US denim brand Wrangler has launched the Icons collection: six of its classic jeans models with a more than 70-year history have been redesigned. We talked to Wrangler’s creative director Sean Gormley about the relaunch and why Wrangler cherishes its past.
So what is Wrangler's Icons collection all about?
Every icon has an origin story. With roots going back to 1904 as a workwear company, Wrangler was born in 1947 to serve the Western cowboy market. Within two short decades, a cultural revolution had changed the world and Wrangler had moved with it. What had started as functional utility wear, designed to withstand rugged work, soon became the uniform of the youth movement. Created for rodeo riders and ranch hands, Wrangler was adopted by trailblazers and rock stars and throughout its history: the authentic all-American denim icon has created era-defining style. There are six iconic products, reissued and restyled for today.
They are definitive, cult icons, from the 124MJ jacket, which became the archetypal denim jacket, to the 27MW Western shirt, created for cowboys but embraced by rock stars. Wrangler reissues the authentic 11MWZ, our first jean and the original slim fit cowboy cut, and reimagines a women’s style. Wrangler introduces five denim options to give Icons a unique edge–all with different stages of wear and fade, from New to 3 years washes.
How did you approach the redesign of these iconic pieces to give them a modern touch?
Wrangler revisions in a modern way the design of its origins. The same design that has been standing the test of time, with new standards, in terms of quality, functions and style:
- The 11MWZ men’s Western zipper was Wrangler’s first jean, launched in 1947, and the original slim fit cowboy cut. For the 2019 reissue, the original’s exaggerated “kick” (originally cut generously to fit over a cowboy boot) is streamlined, with the same slim profile.
- the timeless design of the denim jacket: The sleeves are slimmed, and the body is slightly lengthened, but the proportions are true to the original, as is the positionig of the heritage tobacco stitching, rounded pocket flaps and copper buttons.
- the Western shirt created for cowboys but embraced by rock stars, this shirt launched in the mid Sixties, becoming the blueprint for the Western-style shirt. Wrangler reissues the original, with authentic detailing–the shape and depth of the yokes, cuffs and plackets are all faithful, as is the color and positioning of the stitching, and it recreates iconic details such as the W pocket stitching and pearl snaps.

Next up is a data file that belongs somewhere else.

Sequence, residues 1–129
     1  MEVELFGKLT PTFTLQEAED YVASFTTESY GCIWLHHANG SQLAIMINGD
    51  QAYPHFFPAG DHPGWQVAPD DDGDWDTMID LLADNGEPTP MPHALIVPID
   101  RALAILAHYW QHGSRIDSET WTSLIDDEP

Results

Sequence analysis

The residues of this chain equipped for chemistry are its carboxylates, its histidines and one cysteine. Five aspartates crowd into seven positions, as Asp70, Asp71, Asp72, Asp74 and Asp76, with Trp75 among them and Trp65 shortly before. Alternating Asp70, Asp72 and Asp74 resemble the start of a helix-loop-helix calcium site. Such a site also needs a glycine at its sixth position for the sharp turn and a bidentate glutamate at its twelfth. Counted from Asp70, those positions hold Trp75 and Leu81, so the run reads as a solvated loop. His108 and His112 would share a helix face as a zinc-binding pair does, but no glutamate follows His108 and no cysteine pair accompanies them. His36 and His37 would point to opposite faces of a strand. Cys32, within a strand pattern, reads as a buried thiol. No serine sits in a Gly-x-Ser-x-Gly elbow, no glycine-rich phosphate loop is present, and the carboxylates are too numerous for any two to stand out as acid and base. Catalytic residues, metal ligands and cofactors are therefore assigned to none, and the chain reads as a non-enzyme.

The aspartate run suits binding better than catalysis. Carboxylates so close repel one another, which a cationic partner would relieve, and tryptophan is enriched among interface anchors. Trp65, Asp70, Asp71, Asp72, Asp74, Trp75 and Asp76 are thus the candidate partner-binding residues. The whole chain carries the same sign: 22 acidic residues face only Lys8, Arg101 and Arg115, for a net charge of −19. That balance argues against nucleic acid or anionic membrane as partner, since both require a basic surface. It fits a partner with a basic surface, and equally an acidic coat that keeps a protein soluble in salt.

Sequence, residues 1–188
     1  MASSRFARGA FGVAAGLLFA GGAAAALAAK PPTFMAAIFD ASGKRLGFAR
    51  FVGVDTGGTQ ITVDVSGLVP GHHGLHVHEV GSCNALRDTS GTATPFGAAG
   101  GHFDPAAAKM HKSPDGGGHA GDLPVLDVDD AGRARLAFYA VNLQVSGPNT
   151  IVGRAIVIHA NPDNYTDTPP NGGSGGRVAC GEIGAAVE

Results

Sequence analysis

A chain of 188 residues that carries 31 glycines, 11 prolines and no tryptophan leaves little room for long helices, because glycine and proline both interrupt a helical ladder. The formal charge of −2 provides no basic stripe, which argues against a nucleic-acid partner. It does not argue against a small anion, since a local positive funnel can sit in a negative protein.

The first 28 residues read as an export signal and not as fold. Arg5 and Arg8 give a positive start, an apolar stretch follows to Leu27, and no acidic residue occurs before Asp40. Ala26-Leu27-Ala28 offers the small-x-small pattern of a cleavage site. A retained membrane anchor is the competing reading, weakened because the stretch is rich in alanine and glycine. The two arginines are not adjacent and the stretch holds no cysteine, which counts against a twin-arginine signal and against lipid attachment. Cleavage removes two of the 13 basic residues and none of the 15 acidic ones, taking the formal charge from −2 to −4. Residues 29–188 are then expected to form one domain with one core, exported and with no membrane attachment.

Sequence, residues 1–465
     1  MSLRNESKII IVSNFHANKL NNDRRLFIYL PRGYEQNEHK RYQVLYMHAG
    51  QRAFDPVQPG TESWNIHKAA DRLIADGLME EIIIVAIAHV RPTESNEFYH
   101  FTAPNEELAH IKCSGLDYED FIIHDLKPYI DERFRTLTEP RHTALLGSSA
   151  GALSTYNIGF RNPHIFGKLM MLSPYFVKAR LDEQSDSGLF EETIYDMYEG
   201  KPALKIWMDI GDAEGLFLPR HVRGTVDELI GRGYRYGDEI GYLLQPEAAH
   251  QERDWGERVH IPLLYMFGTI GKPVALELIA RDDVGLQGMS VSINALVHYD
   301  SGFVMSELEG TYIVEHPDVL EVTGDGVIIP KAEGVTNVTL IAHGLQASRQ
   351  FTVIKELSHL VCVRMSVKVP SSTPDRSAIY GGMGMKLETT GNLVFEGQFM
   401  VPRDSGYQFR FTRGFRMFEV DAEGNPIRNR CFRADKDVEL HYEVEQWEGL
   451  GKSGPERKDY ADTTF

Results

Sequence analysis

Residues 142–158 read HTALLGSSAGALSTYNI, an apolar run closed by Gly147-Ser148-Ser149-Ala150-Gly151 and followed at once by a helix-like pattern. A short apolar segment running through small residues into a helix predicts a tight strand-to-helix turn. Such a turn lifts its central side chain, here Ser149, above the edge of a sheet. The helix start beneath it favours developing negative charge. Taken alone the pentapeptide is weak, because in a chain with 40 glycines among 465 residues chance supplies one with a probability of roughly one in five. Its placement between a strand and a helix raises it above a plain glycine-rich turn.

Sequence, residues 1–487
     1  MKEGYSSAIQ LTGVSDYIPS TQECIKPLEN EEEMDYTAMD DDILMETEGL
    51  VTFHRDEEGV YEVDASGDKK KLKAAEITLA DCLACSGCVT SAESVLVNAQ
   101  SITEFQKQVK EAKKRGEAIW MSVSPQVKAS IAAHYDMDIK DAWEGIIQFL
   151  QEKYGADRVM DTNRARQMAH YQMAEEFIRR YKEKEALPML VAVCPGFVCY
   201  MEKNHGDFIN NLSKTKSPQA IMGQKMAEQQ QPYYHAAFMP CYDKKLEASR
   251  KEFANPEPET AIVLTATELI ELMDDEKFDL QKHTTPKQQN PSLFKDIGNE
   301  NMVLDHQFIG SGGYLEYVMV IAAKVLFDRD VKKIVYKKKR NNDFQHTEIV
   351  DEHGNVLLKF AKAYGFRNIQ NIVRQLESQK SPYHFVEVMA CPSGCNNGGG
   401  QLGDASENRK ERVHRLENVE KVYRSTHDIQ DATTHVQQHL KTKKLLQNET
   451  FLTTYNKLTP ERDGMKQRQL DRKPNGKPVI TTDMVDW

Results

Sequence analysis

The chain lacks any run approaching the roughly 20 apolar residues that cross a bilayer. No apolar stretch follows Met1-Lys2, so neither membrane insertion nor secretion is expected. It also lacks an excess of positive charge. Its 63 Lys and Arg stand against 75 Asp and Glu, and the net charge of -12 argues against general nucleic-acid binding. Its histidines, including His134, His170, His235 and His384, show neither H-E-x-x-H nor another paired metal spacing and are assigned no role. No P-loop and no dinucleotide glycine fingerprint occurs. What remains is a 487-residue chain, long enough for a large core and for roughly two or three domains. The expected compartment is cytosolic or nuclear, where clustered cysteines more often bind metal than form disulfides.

How can Wrangler bring the message through to young consumers who might not even have any connection to the lifestyle and the celebs that have worn these iconic pieces back in the day?
We communicate actively with the younger generation through a strong presence in social media and strong marketing activations. We’ve hosted a pop-up in London, a brand experience space. We recreated a functional recording space, with instruments and equipment, to experience the magic of the session room where great tracks are made. We’ve hosted a series of celebrations, in-store sessions, jam nights and livestreams–bands could just drop in and play. For the Icons of the future.
In your opinion: how big can the whole "vintage/real denim" (buying jeans at flea markets, going for non-stretch-authentic pieces) trend become?
Every generation has had a love affair with denim–this amazing fabric with a legacy that's interwoven into our global culture and individual spirit.
I'm excited because I see the next generation is interested in authenticity and respond really well to heritage stories which tell you about the history of a brand like Wrangler. Wrangler is an expert and a specialist, with a wealth of stories to tell.
What's the near future of denim–and shouldn't jeans brands rather work on innovative design and material concepts instead of referring to the past?
Jeans brands need to do both in my opinion. The Icons range is a celebration of the past and it gives us the chance to tell one global heritage story to our consumers. However, it's not intended to be a heritage story. Icons is a vehicle for innovation. We plan to deliver innovation within the Icons platform–very excited for that.